by Michael Dorf
The failed coup d'etat in Turkey is not a metaphor, nor is it chiefly an object lesson for the rest of the world. It is chiefly a very serious threat to democracy and order in Turkey. In thinking about the consequences of the coup attempt and its aftermath, my first concern is for the safety and wellbeing of the people of Turkey.
There is also reason to worry about the implications for the rest of the world. The internecine struggle for control of the military comes at a time when Turkey faces extraordinary military and humanitarian crises due to the civil war in neighboring Syria and amidst renewed hostilities between the Turkish military and the PKK. The danger of spillover from this NATO ally is serious.
An under-appreciated aspect of the contercoup in Turkey is its potential impact on civil liberties. Long before the failed coup, the Erdogan government showed that while it was elected, it was hardly supportive of liberal democracy. There is thus a very serious risk that Erdogan will take the opportunity of the legitimate concern about the military challenge to civilian rule to crack down still further on the peaceful opposition--even if there is no evidence that many of the people who will now be rounded up supported the coup. From all appearances, the democratic opposition to Erdogan opposed the coup. But elected authoritarians are as likely as unelected authoritarians to settle scores and strengthen their hand when the opportunity presents itself.
Put differently, although the failed coup in Turkey is in some obvious sense the opposite of the successful 2013 coup in Egypt, going forward they may have similar consequences. In both cases, members of the military sought to displace an elected Islamist government. The Egyptian coup succeeded where the Turkish coup failed because the Morsi government was more unpopular than the Erdogan government and also because el-Sisi consolidated support of the military before acting, whereas the coup plotters in Turkey did not. Yet these opposite outcomes could lead to mirroring results. In both Egypt and Turkey, crackdowns on all dissent will be justified as necessary to maintain stability and order.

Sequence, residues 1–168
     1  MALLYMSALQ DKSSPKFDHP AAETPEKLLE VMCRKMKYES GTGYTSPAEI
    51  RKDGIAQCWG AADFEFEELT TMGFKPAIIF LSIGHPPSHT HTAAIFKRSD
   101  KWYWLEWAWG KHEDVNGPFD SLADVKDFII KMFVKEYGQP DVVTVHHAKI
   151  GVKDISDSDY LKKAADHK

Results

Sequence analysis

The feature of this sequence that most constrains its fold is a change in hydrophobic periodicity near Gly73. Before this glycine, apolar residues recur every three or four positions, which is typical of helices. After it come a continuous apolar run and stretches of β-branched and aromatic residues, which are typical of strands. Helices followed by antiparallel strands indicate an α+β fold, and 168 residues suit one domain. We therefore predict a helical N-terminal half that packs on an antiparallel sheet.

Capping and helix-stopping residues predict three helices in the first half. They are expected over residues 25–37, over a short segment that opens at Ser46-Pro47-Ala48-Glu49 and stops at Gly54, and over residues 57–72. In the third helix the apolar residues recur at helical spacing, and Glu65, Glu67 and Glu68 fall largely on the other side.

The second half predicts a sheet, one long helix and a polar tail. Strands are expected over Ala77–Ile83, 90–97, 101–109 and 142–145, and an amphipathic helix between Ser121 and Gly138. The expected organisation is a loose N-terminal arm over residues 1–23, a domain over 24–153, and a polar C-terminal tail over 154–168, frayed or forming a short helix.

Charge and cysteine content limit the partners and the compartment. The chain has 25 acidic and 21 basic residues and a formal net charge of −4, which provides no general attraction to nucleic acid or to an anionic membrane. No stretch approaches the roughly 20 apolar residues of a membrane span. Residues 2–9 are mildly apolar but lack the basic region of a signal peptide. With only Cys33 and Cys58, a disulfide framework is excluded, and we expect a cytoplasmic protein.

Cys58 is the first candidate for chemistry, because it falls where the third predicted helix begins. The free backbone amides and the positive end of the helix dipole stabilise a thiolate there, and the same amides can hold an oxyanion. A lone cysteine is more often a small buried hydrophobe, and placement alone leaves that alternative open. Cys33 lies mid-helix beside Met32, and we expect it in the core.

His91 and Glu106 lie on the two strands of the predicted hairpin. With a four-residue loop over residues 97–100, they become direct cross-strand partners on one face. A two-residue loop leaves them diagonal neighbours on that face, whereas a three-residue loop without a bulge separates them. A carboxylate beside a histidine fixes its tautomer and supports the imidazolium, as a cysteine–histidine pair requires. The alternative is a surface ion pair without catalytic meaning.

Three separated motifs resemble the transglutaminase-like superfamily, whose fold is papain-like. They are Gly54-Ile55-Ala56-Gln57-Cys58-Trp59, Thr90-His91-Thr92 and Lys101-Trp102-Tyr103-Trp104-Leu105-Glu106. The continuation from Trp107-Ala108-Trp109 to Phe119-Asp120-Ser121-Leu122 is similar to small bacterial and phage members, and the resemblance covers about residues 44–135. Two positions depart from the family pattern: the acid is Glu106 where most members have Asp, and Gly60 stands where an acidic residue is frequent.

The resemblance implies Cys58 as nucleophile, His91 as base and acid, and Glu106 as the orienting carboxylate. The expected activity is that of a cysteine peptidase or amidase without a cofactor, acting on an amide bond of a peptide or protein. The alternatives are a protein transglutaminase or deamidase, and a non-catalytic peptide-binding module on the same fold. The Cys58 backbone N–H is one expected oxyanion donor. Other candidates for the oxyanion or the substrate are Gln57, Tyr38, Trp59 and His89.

These facts are chiefly a matter of grave concern for the people of Turkey and Egypt, but they also pose foreign policy challenges for the United States. Both countries have been key to U.S. foreign policy. The instability in Turkey interrupted U.S. anti-ISIS airstrikes from Turkey, but there are deeper challenges. Egypt and especially Turkey have been more reliable allies than U.S. frenemy Pakistan, but in each case there is also friction due to their records on human rights.
The Erdogan government's request that the U.S. arrest and hand over Fethullah Gulen is the immediate face of the problem. While it may be possible for the U.S. to look the other way when our ostensible allies violate the values we hold in their own countries, it is quite another thing for the U.S. to extradite a person who has been living here legally. Erdogan put his request in language that will heighten the friction, sending what he called "a message for Pennsylvania." Perhaps Erdogan has credible evidence that Gulen organized the coup, but if not, we may find U.S.-Turkish relations strained sooner rather than later.
Even if the handling of Gulen goes smoothly, it should be evident that the relationship with Turkey requires very careful management. Which brings me, finally, to the eight-hundred pound orangutan in the room: the man who could be in charge of that and other U.S. foreign relationships come January.
In his rambling speech supposedly introducing Mike Pence as his running mate, Donald Trump said the following about the coup in Turkey: "It looks like they’re resolving the difficulty. I wish them well. There was a lot of anguish last night but hopefully it’ll all work out." On the plus side, nothing in those sentences is racist, otherwise offensive, or patently untrue. However, there is also nothing in any of those statements that suggests that Trump has the slightest idea of the actors or stakes in Turkey and the region. Indeed, I would be surprised if Trump could locate Turkey on a map.